Make no mistake: Justin Turner’s game-winning home run Sunday night in Game 2 of the National League Championship Series for the Los Angeles Dodgers over the Chicago Cubs was an amazing moment if you are a Dodgers fan.
Even more amazing was how Turner’s blast was hit exactly 29 years to the day after Kirk Gibson hit his famous game-winning homer in Game 1 of the 1988 World Series for the Dodgers against the Oakland Athletics. In fact, it was only 40 minutes from being the exact moment.
Turner even added to how similar the two moments were after the game when he revealed what he was doing on Oct. 15, 1988.
“One of my earliest baseball memories was being at my grandma’s house and watching that game and watching Gibby hit that homer,” said Turner, who was about a month shy of his fourth birthday then. “Yeah, I can’t even put it into words right now. It’s incredible. The most important thing was, obviously, helping us get another win. But that’s something down the road, hopefully many, many years from now I’ll get to tell stories about.”
But as astounding as Turner’s home run was for the Dodgers on Sunday night, it was not as amazing as Gibson’s. Hey, mister. I was in the right-field pavilion at Dodger Stadium for Gibson’s homer. I saw Gibson’s homer. And this, mister, was not as good as Gibson’s homer.
(That was my best Lloyd Bentsen impersonation, by the way. And you, you apparently were doing your best Dan Quayle impersonation.)
Let me point out at least some of the ways that Gibson’s homer was a much better moment than Turner’s homer.
- First of all, Gibson’s homer was in the World Series and Turner’s was in the NLCS. If the Dodgers manage to lose their 2-0 lead to the Cubs, Turner’s homer will scarcely even be remembered.
- Second, and this may be the biggest difference: The Dodgers were an enormous underdog to the Athletics in 1988. In fact, no one even expected the Dodgers to make it out of the NLCS. It was almost as much of a miracle that they beat the New York Mets to get to the World Series. The 2017 Dodgers had the best record in baseball and even though they had trouble in August and September, it’s not a big surprise that they are in the position they’re in.
- Next, Gibson’s home run, even though it was only in Game 1, has long been regarded as the thing that defeated the A’s. Oakland did manage to win Game 3, 2-1, on a walkoff homer of their own by Mark McGwire, but virtually nothing else is remembered. Not Orel Hershiser’s two complete-game victories, giving up two earned runs in 18 innings. Not Mickey Hatcher’s two homers and his .368 batting average. Virtually nothing.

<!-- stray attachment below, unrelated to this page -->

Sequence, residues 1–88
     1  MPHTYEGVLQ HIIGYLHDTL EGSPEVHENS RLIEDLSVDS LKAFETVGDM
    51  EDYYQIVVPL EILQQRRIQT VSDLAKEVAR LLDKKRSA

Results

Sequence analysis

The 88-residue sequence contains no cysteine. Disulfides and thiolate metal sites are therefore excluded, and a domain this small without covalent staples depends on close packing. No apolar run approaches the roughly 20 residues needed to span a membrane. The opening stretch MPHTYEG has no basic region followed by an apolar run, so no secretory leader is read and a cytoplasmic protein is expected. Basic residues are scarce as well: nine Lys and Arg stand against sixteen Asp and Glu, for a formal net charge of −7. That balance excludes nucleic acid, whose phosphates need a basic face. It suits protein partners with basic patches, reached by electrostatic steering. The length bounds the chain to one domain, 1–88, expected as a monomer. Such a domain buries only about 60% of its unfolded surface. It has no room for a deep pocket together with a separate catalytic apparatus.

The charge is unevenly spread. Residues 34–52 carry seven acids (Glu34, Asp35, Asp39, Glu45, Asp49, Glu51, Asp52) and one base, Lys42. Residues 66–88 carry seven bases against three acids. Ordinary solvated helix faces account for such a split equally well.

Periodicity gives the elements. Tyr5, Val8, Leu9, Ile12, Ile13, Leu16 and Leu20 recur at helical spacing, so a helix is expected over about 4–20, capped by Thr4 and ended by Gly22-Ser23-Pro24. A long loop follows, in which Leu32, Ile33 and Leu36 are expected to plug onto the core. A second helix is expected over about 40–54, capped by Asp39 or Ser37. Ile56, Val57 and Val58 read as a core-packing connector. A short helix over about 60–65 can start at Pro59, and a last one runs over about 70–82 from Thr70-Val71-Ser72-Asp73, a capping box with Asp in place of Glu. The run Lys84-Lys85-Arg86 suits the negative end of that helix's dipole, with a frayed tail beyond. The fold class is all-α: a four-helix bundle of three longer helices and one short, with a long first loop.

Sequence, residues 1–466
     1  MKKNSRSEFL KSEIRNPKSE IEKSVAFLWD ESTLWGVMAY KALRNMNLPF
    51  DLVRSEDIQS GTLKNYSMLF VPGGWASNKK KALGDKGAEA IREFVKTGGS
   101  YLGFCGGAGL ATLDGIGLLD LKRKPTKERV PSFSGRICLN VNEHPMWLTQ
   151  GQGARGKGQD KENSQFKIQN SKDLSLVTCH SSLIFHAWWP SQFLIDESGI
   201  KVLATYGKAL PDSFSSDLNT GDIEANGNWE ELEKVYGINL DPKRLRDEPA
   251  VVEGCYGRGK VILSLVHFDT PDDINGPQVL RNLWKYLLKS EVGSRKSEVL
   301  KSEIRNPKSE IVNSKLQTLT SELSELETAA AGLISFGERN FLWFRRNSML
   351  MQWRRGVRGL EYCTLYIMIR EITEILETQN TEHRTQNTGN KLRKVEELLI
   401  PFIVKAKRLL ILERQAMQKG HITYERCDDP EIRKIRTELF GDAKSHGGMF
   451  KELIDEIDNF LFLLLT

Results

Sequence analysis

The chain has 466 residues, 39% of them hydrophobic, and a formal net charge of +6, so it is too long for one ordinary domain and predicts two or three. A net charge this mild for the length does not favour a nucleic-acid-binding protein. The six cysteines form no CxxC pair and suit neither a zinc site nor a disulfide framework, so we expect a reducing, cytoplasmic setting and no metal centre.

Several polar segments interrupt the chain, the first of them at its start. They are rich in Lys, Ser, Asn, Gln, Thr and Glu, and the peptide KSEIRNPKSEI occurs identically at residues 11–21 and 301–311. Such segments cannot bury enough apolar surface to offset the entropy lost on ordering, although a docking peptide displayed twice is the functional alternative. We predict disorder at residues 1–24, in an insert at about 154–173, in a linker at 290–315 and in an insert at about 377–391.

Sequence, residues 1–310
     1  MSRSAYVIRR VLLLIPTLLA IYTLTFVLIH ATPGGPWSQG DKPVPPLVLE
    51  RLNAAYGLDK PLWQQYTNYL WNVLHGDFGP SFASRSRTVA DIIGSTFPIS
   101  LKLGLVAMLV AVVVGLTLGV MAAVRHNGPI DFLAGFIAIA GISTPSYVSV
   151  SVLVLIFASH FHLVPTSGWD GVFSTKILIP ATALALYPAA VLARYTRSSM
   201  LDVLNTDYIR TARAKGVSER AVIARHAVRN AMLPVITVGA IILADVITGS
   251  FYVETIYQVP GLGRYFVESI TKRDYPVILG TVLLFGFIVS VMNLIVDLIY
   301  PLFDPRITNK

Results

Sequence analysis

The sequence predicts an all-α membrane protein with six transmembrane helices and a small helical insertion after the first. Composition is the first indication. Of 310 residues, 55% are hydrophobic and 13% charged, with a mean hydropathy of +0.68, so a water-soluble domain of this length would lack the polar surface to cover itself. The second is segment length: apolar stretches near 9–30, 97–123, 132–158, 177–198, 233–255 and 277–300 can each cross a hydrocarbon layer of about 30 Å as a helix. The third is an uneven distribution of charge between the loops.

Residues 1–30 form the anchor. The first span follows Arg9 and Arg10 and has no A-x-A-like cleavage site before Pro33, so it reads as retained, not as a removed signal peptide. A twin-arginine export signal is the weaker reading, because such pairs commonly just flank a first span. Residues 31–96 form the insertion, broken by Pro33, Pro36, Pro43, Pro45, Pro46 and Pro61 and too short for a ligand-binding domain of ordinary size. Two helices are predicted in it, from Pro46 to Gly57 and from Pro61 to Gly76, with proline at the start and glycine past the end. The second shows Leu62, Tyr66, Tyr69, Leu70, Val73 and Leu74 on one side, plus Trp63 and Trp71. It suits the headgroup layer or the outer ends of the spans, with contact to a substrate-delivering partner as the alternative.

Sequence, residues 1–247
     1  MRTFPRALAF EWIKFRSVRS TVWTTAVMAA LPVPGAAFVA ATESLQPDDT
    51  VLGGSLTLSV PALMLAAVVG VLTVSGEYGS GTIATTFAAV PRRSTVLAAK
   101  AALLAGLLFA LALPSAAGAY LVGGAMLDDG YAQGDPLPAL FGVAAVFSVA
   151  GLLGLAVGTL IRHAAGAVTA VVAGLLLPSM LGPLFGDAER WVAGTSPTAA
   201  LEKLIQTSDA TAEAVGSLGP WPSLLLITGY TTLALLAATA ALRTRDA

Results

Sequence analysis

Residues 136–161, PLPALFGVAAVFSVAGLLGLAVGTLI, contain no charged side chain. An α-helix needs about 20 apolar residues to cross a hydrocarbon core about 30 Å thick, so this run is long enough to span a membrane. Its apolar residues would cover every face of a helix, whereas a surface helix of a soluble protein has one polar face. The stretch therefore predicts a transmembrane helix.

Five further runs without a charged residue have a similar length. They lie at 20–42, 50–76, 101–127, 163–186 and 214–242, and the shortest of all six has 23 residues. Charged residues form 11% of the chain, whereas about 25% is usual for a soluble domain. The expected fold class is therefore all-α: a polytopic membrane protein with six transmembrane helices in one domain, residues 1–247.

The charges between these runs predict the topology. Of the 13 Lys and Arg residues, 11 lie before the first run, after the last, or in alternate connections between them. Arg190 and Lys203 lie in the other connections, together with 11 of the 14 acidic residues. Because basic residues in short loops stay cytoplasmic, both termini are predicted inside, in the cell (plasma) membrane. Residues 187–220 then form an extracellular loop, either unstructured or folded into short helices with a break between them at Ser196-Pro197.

- Turner’s home run came with the score tied 1-1 with two outs in the bottom of the ninth. If Turner doesn’t win the game there, it merely goes into extra innings. Gibson’s homer came with the Dodgers losing 4-3 1 with two outs in the bottom of the ninth. If he makes an out, the game is over and the A’s win the opener on the Dodgers’ home turf.
- Gibson’s at-bat in 1988 was his only appearance of the World Series. His knees were so torn up, it was amazing he was even able to hobble up the dugout steps and onto the field for Game 1 of the Series. Turner is batting .429 (a team-leading nine hits in 21 at-bats) in the playoffs two home runs and 10 RBIs. Gibson wouldn’t play again in ’88; Turner figures to be a big part of whatever the Dodgers do this postseason.
- The drama on Gibson’s home run was ratcheted up as far as it could go: a 3-2 count with Mike Davis on second base and two outs. Davis stole second during Gibson’s at-bat to get into scoring position. Turner’s came on a 1-0 count with two outs and runners on first and second. Yasiel Puig had led off with a walk and Chris Taylor later got on base with a walk two batters later. If Turner even just hits a single, Puig has a good chance to score and win the game for the Dodgers. If Gibson singles, Davis has a good chance to score and tie the game for the Dodgers. However, if Gibson had hit a ball to right field, he might’ve been thrown out at first because of his bad knees.
- Turner’s homer was caught, rather spectacularly, in fact. Keith Hupp, a 54-year-old retired South Gate policeman, is suddenly a celebrity after nabbing Turner’s shot. However, if anyone was going to catch JT’s ball, Hupp might have had the best statistical chance. Hupp, according to an ESPN.com story, has caught 10 home runs this season alone and 18 over the past two. He caught Cody Bellinger’s 35th and 36th home runs, which gave him the Dodgers’ all-time rookie record. Sunday’s homer wasn’t even the first Turner NLCS shot against the Cubs Hupp had nabbed; he got one last year too. He said he studies the ESPN Home Run Tracker before every game he attends. The fate of Gibson’s home run, meanwhile, remains unknown after 29 years.
So Turner’s home run, while plenty dramatic, was the most dramatic. It may be the straw that breaks the Cubs’ back, like Gibson’s broke the Athletics’ — or it may just be one part of a long story that could still end in victory or in defeat for the Dodgers.